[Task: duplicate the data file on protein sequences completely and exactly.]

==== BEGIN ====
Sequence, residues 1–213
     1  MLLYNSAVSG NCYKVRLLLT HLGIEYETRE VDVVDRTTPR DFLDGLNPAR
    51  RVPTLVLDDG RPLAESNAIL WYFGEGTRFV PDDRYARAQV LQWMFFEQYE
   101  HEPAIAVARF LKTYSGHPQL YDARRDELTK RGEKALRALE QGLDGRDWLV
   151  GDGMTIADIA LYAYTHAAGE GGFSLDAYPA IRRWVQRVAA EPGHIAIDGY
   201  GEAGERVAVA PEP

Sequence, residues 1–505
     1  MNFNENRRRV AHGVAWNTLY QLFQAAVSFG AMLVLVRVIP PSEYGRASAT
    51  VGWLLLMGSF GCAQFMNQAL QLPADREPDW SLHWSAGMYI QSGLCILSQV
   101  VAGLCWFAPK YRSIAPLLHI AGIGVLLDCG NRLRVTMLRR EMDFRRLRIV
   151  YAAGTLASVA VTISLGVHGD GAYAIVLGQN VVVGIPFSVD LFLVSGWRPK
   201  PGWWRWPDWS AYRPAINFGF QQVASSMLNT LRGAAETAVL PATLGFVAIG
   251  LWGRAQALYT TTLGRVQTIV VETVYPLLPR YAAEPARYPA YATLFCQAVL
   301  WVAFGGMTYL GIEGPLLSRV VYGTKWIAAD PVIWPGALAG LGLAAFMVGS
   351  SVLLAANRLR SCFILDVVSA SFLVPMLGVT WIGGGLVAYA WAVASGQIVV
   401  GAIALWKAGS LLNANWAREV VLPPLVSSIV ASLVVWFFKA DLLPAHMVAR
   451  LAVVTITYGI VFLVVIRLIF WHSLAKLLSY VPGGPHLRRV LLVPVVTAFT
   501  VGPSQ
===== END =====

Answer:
Sequence, residues 1–213
     1  MLLYNSAVSG NCYKVRLLLT HLGIEYETRE VDVVDRTTPR DFLDGLNPAR
    51  RVPTLVLDDG RPLAESNAIL WYFGEGTRFV PDDRYARAQV LQWMFFEQYE
   101  HEPAIAVARF LKTYSGHPQL YDARRDELTK RGEKALRALE QGLDGRDWLV
   151  GDGMTIADIA LYAYTHAAGE GGFSLDAYPA IRRWVQRVAA EPGHIAIDGY
   201  GEAGERVAVA PEP

Sequence, residues 1–505
     1  MNFNENRRRV AHGVAWNTLY QLFQAAVSFG AMLVLVRVIP PSEYGRASAT
    51  VGWLLLMGSF GCAQFMNQAL QLPADREPDW SLHWSAGMYI QSGLCILSQV
   101  VAGLCWFAPK YRSIAPLLHI AGIGVLLDCG NRLRVTMLRR EMDFRRLRIV
   151  YAAGTLASVA VTISLGVHGD GAYAIVLGQN VVVGIPFSVD LFLVSGWRPK
   201  PGWWRWPDWS AYRPAINFGF QQVASSMLNT LRGAAETAVL PATLGFVAIG
   251  LWGRAQALYT TTLGRVQTIV VETVYPLLPR YAAEPARYPA YATLFCQAVL
   301  WVAFGGMTYL GIEGPLLSRV VYGTKWIAAD PVIWPGALAG LGLAAFMVGS
   351  SVLLAANRLR SCFILDVVSA SFLVPMLGVT WIGGGLVAYA WAVASGQIVV
   401  GAIALWKAGS LLNANWAREV VLPPLVSSIV ASLVVWFFKA DLLPAHMVAR
   451  LAVVTITYGI VFLVVIRLIF WHSLAKLLSY VPGGPHLRRV LLVPVVTAFT
   501  VGPSQ